Due to Thailand moving away from quarantine requirements for fully vaccinated tourists with the introduction of the “Test and Go” scheme, the tourism sector saw a slight recovery which boosted economic growth in the fourth quarter of 2021. In December, Thailand welcomed 230,000 tourists which is the highest number since March 2020. However, growth has not returned to pre-pandemic levels, and the recovery is still fragile with the Omicron variant now prevalent in Thailand. The war between Russia and Ukraine continues to escalate and whilst the focus should remain on the safety and wellbeing of the people in Ukraine, it is beginning to impact economies across the globe. For Thailand, the most significant short-term impact is likely to be the effect from increasing fuel prices and supply chain shortages as well as a reduction in the number of Russian tourists, whilst a weakened global economy will also impact Thailand’s export and manufacturing industries.

Following the relaxation of containment measures and the re-opening of borders, Thailand's GDP saw a growth of 1.6% in 2021, thanks to increasing exports and improved domestic activity. The Bank of Thailand (BoT) estimated that the Thai economy had bottomed out in Q3 2021 and has since entered the recovery phase. This is supported by Thailand's economic recovery in Q4 being faster than projected, with a growth of 1.8% from the previous quarter, owing primarily to strong exports and a rebound in domestic activity, and it is expected that the economy will continue to grow at a rate of 3.5% to 4.5% in 2022.

The Bank of Thailand's financial support policies have effectively helped banks and debtors who have been impacted by the economic crisis. Up to 14 February 2022, the BoT had approved THB151.2 billion in soft loan facilities to 46,463 debtors, an increase of 6,741 debtors in the last three months, with an average approval limit of THB3.25 million per debtor. The asset warehousing program has also grown significantly, with a total of 285 debtors and debt worth THB40 billion now enrolled, up from THB14.4 billion in the third quarter. These increases show that debtors and banks continue to require the central bank’s financial support despite the recovery of the economy in Q4 2021.

Reported Non-Performing Loans (NPLs) decreased by THB15 billion, from THB546 billion to THB531 billion in the last quarter of 2021, with the percentage of NPLs to total loans also declining from 3.14% to 2.97% driven by an increase in total loans, as businesses borrow to support recovery, and the impact of the financial support schemes which helped to reduce new NPLs. There were only two rehabilitation cases submitted to the court in the last quarter, bringing the total rehabilitation cases for 2021 to 15 compared to 18 cases in 2020. The lower ratio of NPLs and steady level of rehabilitation cases provide further positive signs of potential economic recovery, although we await to see the impact of increasing global uncertainty and inflationary pressures on the Thai economy and businesses.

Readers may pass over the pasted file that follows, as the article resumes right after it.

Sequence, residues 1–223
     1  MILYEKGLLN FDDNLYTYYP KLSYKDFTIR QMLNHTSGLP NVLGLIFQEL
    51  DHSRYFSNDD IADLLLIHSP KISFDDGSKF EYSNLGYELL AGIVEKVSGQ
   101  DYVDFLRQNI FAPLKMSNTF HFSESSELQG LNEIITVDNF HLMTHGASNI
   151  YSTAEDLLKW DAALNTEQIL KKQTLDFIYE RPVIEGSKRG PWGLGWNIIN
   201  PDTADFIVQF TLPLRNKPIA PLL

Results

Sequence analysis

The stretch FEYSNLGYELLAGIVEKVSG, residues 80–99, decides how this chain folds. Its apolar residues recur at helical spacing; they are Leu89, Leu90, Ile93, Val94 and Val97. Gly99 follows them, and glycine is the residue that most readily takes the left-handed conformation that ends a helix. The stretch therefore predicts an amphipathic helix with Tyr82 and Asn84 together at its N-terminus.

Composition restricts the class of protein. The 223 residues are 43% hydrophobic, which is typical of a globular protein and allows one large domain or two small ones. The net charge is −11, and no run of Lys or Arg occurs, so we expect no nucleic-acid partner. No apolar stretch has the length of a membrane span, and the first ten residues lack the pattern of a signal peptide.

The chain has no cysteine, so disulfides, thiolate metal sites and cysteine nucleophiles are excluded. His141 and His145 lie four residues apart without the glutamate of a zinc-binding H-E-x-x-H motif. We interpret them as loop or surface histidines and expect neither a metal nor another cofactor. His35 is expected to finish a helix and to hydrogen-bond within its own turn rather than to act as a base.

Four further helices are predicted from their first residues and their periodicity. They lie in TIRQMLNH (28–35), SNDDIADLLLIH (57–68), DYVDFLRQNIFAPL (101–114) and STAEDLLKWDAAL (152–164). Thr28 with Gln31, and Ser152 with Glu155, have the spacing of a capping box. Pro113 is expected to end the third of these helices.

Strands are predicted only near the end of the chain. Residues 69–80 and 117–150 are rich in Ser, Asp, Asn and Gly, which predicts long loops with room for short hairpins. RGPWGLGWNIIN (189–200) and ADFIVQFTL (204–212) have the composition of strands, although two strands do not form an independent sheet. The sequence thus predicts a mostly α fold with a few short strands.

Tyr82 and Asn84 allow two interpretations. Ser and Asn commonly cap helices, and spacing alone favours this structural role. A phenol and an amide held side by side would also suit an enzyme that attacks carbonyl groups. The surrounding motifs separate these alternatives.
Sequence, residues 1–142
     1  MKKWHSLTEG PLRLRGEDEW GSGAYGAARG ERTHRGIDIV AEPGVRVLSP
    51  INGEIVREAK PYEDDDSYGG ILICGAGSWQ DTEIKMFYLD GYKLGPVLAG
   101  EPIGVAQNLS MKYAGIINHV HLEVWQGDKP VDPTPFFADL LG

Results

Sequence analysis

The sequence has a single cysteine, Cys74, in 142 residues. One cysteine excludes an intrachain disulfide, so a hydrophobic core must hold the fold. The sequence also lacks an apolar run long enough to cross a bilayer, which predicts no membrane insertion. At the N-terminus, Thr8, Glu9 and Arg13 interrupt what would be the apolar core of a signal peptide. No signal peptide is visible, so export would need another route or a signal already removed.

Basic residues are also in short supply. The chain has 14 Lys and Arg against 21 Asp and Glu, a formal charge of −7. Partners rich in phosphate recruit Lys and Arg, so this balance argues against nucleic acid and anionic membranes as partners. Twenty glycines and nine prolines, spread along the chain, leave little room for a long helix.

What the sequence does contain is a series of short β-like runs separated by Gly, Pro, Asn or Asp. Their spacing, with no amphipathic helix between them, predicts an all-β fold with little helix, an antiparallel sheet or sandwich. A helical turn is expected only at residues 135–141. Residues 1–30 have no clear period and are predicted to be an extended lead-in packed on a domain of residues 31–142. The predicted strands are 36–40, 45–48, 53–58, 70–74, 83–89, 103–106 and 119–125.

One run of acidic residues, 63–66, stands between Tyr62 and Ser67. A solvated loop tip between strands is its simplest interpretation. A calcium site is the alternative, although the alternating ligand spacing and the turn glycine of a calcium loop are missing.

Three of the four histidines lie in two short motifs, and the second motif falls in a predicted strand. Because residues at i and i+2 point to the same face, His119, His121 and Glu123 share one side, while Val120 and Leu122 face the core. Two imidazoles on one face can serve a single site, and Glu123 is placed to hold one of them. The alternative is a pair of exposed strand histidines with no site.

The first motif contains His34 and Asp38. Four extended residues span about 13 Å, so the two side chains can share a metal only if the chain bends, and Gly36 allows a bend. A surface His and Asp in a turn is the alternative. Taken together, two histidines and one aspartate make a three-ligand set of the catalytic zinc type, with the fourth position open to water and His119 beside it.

Restructuring trends in Thailand | Q1/2022 - Graph

Data criterion

  • Value data provided in the ‘Outstanding NPLs in Thailand’ chart represent the value of the total outstanding non-performing loans (NPLs) of financial institutions for both corporate and personal consumer. The percentage to total loans represent the total outstanding NPLs to the outstanding loans.
  • The pie chart ‘Q4/2021’s new corporate NPLs by sector’ represents the new and re-entered NPLs which occurred during the period. The number of personal consumer NPLs is excluded.
  • The number of rehabilitation cases accepted by the Central Bankruptcy Court only refers to the applications that the Court has accepted for consideration. The court may reject the application for rehabilitation.

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Restructuring trends in Thailand | Q1/2022 - KPMG Deal Advisory

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